By Jacques Semelin, founder of the OEMV
French version : Notre approche scientifique
«Writing history… aims at calming the dead who still haunt the present,and at offering them scriptural tombs.»
Michel de Certeau, The Writing of History , New York and Chichester, Columbia University Press, 1988.
OUR SCIENTIFIC APPROACH
The Evolution of the Perception of Violence
Our perception of violence and its very definition are closely linked to modern sensitivity. What is considered violent in the 21st century may not necessarily have been four centuries earlier. Similarly, what is perceived as violent today in a particular country may not necessarily be so in another. How we perceive violence is subject to significant historical and cultural variations. Expressions such as "mass murder", "mass crimes", or "mass rape" appeared in the mid-20th century. Acknowledging this evolution, the OEMV adopts the more general term of "mass violence".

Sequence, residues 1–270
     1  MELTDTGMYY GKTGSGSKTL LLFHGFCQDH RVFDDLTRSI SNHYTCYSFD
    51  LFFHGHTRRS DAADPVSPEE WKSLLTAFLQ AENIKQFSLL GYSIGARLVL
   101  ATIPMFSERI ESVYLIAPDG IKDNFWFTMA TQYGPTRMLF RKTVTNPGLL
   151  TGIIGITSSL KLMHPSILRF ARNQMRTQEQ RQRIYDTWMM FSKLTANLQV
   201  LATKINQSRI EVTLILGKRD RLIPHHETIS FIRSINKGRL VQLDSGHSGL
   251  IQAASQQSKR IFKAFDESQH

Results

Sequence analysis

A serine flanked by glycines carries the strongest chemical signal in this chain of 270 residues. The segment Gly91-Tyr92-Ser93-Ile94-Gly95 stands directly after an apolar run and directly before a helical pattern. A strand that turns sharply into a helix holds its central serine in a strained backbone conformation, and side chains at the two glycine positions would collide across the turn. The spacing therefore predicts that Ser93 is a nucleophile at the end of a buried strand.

The Emergence of the Term "Genocide"